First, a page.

Sunday, 26 April 2015

NEWS: The Mess in Venezuela and the 200% of inflation





Alejandro Toledo, former president of Perú and author of "The Shared Society", writes in the op-ed pages of the New York Times, an article that is both accurate and simple, and that it is also ambitiously untitled: How to Fix the Mess in Venezuela. A must-read. "The recent news from Venezuela has been troubling — and also far from surprising. As the Venezuelan economy continues to struggle and inflation pushes many of the most basic everyday needs out of reach of ordinary working people, President Nicolás Maduro has responded, not with a plan, but with a crackdown. It has included arresting Antonio Ledezma, the mayor of Caracas, and other opposition figures on questionable charges — to say nothing of the jailings of peaceful protesters.
Mr. Maduro’s attempts to deflect criticism by pointing to aggression from the United States and international meddling — even if they were rooted in fact — would do nothing to solve Venezuela’s problems. If he were a serious leader, he would look first at the Venezuelan economy, which, in reality, is at least two economies, separate and far from equal. . . Fixing the economy, however, is only one of the tasks facing Mr. Maduro. The second is going to be tougher: He must shed the conspiratorial mind-set and authoritarian instincts he has carried over from the regime of his predecessor, Hugo Chávez, and accept that true democracy includes dissent, and that means he won’t always get his way." Read full article in The New York Times. E.T.P. 5'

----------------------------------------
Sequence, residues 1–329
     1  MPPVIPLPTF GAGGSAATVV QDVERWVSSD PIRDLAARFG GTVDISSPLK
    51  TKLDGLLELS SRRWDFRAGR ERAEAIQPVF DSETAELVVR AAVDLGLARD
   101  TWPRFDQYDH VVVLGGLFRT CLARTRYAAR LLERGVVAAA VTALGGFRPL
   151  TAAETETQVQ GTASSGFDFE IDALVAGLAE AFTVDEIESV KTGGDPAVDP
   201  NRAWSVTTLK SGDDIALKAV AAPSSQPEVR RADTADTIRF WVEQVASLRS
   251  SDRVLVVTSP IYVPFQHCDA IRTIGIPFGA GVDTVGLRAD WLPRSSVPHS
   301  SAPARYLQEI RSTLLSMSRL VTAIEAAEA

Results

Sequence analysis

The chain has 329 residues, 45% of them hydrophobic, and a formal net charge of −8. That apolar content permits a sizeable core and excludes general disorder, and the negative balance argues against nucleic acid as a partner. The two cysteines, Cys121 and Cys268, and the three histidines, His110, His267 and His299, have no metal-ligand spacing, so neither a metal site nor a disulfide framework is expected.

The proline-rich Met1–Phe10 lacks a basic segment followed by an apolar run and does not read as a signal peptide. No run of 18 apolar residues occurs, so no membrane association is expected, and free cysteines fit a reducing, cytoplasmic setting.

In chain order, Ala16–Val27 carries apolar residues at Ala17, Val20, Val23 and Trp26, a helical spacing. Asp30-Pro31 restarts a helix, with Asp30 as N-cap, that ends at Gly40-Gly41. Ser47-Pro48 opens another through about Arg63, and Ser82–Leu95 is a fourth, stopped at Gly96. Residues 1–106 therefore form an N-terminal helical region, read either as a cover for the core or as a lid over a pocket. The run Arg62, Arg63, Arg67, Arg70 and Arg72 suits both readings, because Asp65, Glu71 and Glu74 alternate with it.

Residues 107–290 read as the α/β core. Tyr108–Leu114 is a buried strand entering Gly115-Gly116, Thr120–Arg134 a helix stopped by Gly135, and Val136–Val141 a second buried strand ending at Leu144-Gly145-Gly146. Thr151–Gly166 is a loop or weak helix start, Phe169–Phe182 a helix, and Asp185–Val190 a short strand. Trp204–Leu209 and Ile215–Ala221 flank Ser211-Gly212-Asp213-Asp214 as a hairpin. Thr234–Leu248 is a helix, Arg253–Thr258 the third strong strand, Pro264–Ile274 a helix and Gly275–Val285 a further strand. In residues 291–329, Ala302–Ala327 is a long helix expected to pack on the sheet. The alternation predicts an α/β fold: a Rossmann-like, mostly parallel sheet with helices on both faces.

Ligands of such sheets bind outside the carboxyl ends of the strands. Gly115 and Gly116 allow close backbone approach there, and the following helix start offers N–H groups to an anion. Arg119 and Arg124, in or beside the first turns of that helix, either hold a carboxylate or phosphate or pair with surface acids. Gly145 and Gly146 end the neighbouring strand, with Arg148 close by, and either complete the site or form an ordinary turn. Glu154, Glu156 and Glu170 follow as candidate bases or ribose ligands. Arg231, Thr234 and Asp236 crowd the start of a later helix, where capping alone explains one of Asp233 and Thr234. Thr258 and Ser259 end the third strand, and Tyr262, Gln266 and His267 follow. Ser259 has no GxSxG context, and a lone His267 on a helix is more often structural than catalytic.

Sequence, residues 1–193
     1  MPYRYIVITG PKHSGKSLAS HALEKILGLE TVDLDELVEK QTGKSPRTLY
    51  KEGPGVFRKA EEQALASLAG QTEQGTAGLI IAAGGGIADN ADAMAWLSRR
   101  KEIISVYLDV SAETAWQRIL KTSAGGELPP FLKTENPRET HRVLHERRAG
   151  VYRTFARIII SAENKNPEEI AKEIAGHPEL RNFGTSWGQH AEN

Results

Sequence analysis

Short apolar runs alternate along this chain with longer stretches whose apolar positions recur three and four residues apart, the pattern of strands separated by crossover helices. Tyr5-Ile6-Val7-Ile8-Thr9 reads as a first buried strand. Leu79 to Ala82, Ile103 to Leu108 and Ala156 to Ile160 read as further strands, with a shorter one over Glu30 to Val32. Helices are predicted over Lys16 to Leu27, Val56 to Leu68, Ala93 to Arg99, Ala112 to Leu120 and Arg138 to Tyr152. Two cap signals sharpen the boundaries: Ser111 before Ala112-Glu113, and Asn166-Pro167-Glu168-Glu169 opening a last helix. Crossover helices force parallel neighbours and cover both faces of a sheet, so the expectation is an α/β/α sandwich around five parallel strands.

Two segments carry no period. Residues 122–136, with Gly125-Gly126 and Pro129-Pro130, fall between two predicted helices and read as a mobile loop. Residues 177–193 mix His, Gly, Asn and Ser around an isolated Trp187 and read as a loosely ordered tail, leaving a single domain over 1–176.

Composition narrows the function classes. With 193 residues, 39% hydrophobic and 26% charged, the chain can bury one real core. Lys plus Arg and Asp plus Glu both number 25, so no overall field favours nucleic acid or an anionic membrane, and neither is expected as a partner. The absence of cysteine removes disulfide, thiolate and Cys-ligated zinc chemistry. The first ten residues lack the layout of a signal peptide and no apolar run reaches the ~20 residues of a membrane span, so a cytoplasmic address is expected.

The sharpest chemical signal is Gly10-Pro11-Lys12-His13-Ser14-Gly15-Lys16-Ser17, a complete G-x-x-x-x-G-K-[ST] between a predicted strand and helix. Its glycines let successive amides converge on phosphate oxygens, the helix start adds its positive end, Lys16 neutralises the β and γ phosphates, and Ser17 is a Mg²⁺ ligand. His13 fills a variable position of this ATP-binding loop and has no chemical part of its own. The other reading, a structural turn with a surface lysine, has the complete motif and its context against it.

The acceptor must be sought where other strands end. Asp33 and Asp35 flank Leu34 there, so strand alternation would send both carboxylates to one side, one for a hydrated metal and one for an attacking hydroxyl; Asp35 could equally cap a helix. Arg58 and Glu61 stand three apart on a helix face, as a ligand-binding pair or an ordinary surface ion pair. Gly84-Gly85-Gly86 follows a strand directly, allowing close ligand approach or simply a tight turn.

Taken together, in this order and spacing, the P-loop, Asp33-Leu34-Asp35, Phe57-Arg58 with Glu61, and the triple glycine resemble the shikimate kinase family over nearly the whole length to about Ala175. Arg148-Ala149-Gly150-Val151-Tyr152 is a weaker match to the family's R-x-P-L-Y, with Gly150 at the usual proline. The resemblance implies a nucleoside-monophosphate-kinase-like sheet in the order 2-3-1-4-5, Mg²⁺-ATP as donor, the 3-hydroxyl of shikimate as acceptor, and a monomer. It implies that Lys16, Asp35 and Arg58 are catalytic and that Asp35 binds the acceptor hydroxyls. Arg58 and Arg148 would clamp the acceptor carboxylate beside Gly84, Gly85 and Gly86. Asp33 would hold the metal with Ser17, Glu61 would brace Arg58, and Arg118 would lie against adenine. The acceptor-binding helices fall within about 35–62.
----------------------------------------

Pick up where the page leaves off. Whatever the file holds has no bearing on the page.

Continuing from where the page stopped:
Tim Worstall writes in Forbes: "This isn’t perhaps the sort of thing that we normally congratulate people on, managing to so entirely screw up a national economy so as to generate 200% annual inflation. But we really should give credit where such credit is due. It is an achievement to manage to follow economic policies that blockheaded so, in the spirit of being entirely fair, congratulations to Venezuela’s Bolivarian socialism. It’s worth noting further that the reason for this stunning success of theirs is not because they’re a bit left wing, nor because they’ve tried to make the lives of the poor a bit better. It’s because they’ve ignored the most important rule of trying to run an economy, they’ve failed to understand that markets really do work. Something that we all need to recall in our own countries as various people tell us that we’ve got to excise market forces from one or another part of our own economies. There’s ways to deal with the effects that we don’t want from market forces: but ignoring or trying to abolish them leads to, well, to success like that that Venezuelan Bolivarian socialism is currently experiencing." Read full article in Forbes. E.T.P. 6' 

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